Northwest NEWS

January 1,2001

Front Page

What's new at the new City Hall?


by Bronwyn Wilson
   Senior Staff Reporter
   When you step inside the new Woodinville City Hall, scheduled to open in March, you will not see a family of quail skitter by or butterflies flit about.
   Nevertheless, you'll have that outdoor-feeling just the same. As an illustration, a colored concrete wall begins at the entry and continues on inside the building.
   "So you feel outside, when you're inside," said Laroy Gant, project architect of Lewis Architects.
   He went on to explain, "The wall is set up as a circulation spine. It defines what's public and what's private. It's 14 feet tall and it will grab your attention."
   Throughout the building will be stained colored concrete, lots of glass showing greenery outside.
   The idea, he said, is to pull the outside into the inside with the eye.
   And there's lots for the eye to see. Awash in natural light, the foyer is made up of a large series of windows allowing for views of native plants in outdoor gardens. The spacious building has a very high ceiling, reminiscent of standing inside a barn looking up to the loft.
   According to Permit Center Director Dean McKee, these architectural features have a dual purpose. Not only are they aesthetically pleasing, but also energy efficient.
   McKee said that the concrete block wall, which slices diagonally through the building, is intended to absorb heat and release heat.
   "Most of the windows face north which will allow light in but not sunlight," McKee explained.
   Smaller windows will allow light in but not too much heat from sunshine during the warmer months. This energy-saving design is one of several cost-effective features.
   Looking to the future, another feature saves money as well as time. Meeting rooms are wired for computer teleconferencing, which will save the City the expense of sending employees to other cities for meetings.
   "This building has literally miles of wire in it," McKee said.
   Community Development Director Ray Sturtz said, "Rather than have everybody get on the road, w'll talk to others through the PC."
   Sturtz said that teleconferencing will increase efficiency and sensitivity to the environment by reducing trips.
   The high-tech building will also have a computer room available for training. City staff will not have to go out of town to special programs.
   Built by Brunner Brothers Construction of Lynnwood, the new City Hall is roughly 25,000 square feet and cost close to four million dollars. Its design is based on Woodinville's heritage. "Our history has always been important to this community," Sturtz said.
   Several years ago the City asked citizens what their vision for Woodinville was. Citizen responses directed the City to develop a design guideline which would reflect a Northwest woodland character in Woodinville's commercial architecture.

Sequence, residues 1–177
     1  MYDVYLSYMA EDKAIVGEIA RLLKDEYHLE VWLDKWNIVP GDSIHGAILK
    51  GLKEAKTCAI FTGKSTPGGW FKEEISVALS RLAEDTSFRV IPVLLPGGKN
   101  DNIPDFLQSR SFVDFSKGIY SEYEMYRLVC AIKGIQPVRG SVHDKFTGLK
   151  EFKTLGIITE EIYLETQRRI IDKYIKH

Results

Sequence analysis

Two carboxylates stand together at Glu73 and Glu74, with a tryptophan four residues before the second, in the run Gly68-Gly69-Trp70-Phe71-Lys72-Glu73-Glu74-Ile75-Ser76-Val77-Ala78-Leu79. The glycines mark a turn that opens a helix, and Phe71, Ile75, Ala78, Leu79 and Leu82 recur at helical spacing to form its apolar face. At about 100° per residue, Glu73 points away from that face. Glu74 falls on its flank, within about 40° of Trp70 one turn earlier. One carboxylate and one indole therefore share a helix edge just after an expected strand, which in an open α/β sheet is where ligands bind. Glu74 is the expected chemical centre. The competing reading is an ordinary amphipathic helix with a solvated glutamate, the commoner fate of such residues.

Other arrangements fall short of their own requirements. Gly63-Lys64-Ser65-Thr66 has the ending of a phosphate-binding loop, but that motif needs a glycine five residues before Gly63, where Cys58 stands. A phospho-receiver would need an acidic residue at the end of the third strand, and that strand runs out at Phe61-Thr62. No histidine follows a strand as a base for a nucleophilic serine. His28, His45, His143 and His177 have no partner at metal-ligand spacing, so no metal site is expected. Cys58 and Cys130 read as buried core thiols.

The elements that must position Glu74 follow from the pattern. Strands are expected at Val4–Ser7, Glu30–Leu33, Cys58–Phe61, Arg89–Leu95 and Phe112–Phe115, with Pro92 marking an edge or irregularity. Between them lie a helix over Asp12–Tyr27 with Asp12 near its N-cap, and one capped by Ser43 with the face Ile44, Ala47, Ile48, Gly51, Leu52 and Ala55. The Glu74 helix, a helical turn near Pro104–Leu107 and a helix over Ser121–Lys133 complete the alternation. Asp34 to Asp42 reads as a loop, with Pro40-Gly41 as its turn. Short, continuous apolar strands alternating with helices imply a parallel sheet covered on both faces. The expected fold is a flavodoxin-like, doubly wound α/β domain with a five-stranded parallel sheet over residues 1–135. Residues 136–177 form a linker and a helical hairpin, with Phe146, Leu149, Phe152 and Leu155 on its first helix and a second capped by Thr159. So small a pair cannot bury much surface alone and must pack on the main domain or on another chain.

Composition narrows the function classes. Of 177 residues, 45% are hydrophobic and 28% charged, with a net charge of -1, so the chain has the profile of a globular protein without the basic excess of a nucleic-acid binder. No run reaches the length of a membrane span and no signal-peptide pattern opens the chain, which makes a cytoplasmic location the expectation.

With this design guideline in mind, the new City Hall has a pitched roof similar to the roof of a farm house and exposed beams like those seen in barns or in log cabins.
   Project Architect Gant said that the building's design fell into place once the architects knew what the City wanted, what the site looked like and what the architectural flavor of the area was.
   "The building started to form itself," Gant said. "I think it's very original. It's very site driven."
   With a wood post and beam design throughout, the structure is built with heavy timber, and as people pass through the new City Hall, they'll see exposed wood beams and columns creating a solid presence of durability.
   "This is here to last," claimed Gant.
   The cedar shingles and stucco on the outside of the building also work well for the rural, mill-town look citizens said they want to see in the community.
   Gant said, "The new City Hall fits so well within the community. It has a nice scale to it. And it looks good. It has soft materials as opposed to hard materials."
   Sturtz said the building's construction is tasteful and modern, and added, "People will find the new City Hall very comfortable."
   Speaking of comfort, City staff will find some added attractions to aid their well-being in the workplace.
   A key card access for entry will ensure security to those who need to be on the premises off-hours. Also, a locker room and showers will accommodate employees working out in the field, such as building inspectors subject to crawl spaces and mud. And the showers and lockers will be on-hand for emergency situations in the time of natural disasters.
   "We're set up for emergency operations and extended long working hours," said Permit Center Director McKee. He mentioned that the Woodinville Fire and Life Safety District is the main center for Woodinville's emergency preparedness.
   However, there's one thing that hasn't been put into place yet, but is on the radar screen.
   "We're hoping we can organize an information center with volunteers," said McKee. "But at this point, it's not firmed up."
   Sturtz added that perhaps senior citizens would want to undertake the volunteer operation. Volunteers at the center will direct visitors to the different departments as well as look up needed information pertaining to the city.
   The date of the official dedication is yet to be announced.